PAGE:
Six Innovation Areas Could Drive Renewable Energy Future

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Government innovation spending could deliver a world-leading energy system – if £500 million of allocated funds are targeted correctly, a new paper from industry body Scottish Renewables has said.

The organisation’s report identified six key innovation areas, and called on the UK Government to work with industry to help guide investment to deliver a low-carbon, low-cost energy sector.Hannah Smith, Policy Officer at Scottish Renewables, said: “The UK Government’s commitment to double the spend on energy innovation to £500 million over five years has the potential to drive dramatic advances in our energy system.

“Scottish Renewables’ new paper highlights the importance of the strategic allocation of these funds, and identifies six technology areas that have real potential to benefit from this funding, propelling British business to the forefront of a truly world-leading, next-generation energy system.”

Scottish Renewables, which is calling for half of all energy used in Scotland to come from renewables by 2030, published the new report to examine the future of our energy system across electricity, heat and transport.

The priority areas identified are:

  • Wave and Tidal energy – at which the UK already leads the world, with facilities like the European Marine Energy Centre in Orkney providing cutting-edge test opportunities;
  • Storage technologies – which can enable increased renewables capacity (by storing electricity at times of low demand) and provide a multitude of services to the management of our electricity system, as well as empowering communities and consumers;
  • Floating Offshore Wind – which could open huge areas of the world’s deepest oceans to green energy generation. The UK is eyeing a global lead already, and funds invested on innovation could cement that advantage;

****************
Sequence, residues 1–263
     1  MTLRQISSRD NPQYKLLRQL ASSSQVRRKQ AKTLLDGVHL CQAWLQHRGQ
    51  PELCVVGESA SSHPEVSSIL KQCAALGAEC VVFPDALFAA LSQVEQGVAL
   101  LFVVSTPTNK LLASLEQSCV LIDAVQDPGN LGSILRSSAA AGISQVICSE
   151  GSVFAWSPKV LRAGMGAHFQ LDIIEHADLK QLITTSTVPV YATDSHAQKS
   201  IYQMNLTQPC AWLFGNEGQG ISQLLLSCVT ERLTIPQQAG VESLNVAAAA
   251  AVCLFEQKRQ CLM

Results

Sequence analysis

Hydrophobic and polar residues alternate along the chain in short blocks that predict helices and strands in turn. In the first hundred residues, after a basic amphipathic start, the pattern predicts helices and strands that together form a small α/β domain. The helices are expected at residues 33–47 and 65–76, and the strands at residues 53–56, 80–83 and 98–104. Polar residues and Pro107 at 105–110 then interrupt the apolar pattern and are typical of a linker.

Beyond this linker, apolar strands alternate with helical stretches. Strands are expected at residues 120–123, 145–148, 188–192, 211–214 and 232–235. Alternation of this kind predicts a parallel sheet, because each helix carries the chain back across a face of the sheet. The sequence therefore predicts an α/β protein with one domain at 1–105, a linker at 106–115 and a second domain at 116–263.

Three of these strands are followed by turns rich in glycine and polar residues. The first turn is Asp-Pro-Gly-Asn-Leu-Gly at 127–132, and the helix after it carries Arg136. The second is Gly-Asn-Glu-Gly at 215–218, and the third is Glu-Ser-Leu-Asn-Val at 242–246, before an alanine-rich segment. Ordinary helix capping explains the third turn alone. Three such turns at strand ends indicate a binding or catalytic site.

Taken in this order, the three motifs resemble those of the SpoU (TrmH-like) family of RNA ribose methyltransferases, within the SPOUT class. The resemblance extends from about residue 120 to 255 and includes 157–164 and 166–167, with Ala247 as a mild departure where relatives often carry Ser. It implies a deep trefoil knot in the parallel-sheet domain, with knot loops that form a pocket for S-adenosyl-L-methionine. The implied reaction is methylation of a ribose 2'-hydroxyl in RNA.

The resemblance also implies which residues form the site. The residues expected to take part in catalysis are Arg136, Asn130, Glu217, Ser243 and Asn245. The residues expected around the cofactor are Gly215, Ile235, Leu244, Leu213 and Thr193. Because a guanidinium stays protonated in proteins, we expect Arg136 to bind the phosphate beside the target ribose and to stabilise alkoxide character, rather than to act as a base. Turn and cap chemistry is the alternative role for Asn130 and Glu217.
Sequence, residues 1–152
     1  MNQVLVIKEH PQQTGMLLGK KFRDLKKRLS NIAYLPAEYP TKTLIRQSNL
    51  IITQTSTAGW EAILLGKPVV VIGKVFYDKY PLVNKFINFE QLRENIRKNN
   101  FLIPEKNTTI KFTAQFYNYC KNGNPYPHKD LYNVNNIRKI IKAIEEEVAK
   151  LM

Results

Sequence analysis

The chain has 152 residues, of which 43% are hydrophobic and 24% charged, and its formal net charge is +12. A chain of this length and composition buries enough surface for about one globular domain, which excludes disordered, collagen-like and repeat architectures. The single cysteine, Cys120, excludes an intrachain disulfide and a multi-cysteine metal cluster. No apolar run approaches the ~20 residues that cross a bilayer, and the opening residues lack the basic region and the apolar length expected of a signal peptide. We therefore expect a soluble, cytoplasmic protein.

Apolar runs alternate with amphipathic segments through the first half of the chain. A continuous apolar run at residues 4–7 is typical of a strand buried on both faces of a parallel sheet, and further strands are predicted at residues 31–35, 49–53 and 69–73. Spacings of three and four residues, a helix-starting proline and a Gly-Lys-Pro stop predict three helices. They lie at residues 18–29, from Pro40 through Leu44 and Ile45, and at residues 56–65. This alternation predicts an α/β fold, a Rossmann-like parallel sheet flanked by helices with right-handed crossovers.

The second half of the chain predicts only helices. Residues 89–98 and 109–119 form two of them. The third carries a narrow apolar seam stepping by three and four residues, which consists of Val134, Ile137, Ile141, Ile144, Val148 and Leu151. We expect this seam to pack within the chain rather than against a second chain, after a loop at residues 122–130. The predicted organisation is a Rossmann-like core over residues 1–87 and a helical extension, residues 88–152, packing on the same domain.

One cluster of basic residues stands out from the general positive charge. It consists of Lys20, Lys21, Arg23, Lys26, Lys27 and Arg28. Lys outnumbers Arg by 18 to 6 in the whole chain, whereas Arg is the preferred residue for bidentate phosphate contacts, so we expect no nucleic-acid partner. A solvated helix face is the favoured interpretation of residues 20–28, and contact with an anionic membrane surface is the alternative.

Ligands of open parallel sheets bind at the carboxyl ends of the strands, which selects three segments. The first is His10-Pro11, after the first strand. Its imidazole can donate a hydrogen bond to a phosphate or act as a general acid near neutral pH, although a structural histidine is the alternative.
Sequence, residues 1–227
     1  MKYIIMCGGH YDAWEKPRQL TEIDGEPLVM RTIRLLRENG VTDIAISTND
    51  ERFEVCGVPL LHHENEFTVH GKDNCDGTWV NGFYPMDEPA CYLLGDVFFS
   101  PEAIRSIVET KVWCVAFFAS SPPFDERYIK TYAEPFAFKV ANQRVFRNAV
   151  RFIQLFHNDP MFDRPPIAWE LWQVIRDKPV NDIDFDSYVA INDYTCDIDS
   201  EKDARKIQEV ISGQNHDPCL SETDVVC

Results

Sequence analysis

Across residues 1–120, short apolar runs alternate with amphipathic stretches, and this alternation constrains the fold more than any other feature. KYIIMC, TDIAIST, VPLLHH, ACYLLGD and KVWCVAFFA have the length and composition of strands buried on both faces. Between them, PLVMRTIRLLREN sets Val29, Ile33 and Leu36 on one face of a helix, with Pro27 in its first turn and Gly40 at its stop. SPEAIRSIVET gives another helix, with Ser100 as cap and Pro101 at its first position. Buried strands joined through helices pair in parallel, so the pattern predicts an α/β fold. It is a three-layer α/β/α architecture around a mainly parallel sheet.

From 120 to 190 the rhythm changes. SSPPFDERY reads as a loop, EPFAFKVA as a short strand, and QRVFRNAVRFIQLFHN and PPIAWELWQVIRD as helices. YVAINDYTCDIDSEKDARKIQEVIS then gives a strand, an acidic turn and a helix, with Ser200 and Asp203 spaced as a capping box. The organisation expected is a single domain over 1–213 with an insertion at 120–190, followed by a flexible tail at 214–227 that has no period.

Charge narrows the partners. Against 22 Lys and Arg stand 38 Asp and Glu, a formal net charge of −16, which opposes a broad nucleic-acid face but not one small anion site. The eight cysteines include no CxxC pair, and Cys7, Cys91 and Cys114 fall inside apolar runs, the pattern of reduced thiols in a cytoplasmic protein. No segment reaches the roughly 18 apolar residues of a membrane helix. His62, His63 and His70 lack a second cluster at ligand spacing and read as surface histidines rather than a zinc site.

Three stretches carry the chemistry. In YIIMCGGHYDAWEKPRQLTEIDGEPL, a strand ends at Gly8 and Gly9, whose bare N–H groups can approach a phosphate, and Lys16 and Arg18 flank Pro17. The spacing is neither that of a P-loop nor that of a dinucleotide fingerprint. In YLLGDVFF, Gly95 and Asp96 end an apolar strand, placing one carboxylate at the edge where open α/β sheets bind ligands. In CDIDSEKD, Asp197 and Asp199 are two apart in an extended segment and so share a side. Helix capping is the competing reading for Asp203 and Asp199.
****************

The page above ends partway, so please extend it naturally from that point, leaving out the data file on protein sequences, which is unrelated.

• Low-Carbon Heat – which accounts for 46% of UK energy demand, but of which only 4.9% was renewable in 2014. Decarbonising the sector will mean fully developing new technologies, supporting their large-scale deployment and integrating them into our wider energy system.
  • Systems Integration – thinking about our heat, transport and electricity sectors as one system will allow us to be ‘smarter’ in the way we use power and drive efficiencies, increase security and reduce costs;
  • Flexible networks – could, according to the Committee on Climate Change, help save consumers up to £3.5 billion per year. Securing the technology to deliver what the CCC call “a more flexible power system” will require a range of technologies such as Active Network Management, demand-side response, storage and increased interconnection, all of which are yet to be fully developed.

Scottish Renewables’ Hannah Smith continued: “Our renewable energy industry has come a long way since the first hydropower and wind projects of the 19th Century, due in no small part to the impressive list of technical and engineering innovations coming out of the UK.

“We welcome the Chancellor’s recent commitment to continue this by doubling DECC’s innovation programme budget. We believe developing an Energy Innovation Strategy to guide this investment would get the most out of every pound spent.

“Government is in a unique position to mobilise a variety of resources and agencies, creating the right landscape for innovation to occur. This would lay the foundations for British businesses developing innovative products and services to flourish.

“Our world lead in tidal technology, for example, owes much to the continued development of onshore wind, with technology for the former deriving from decades of study into the latter.

“Now new technologies like wave energy and storage have the potential to revolutionise the way we produce energy.”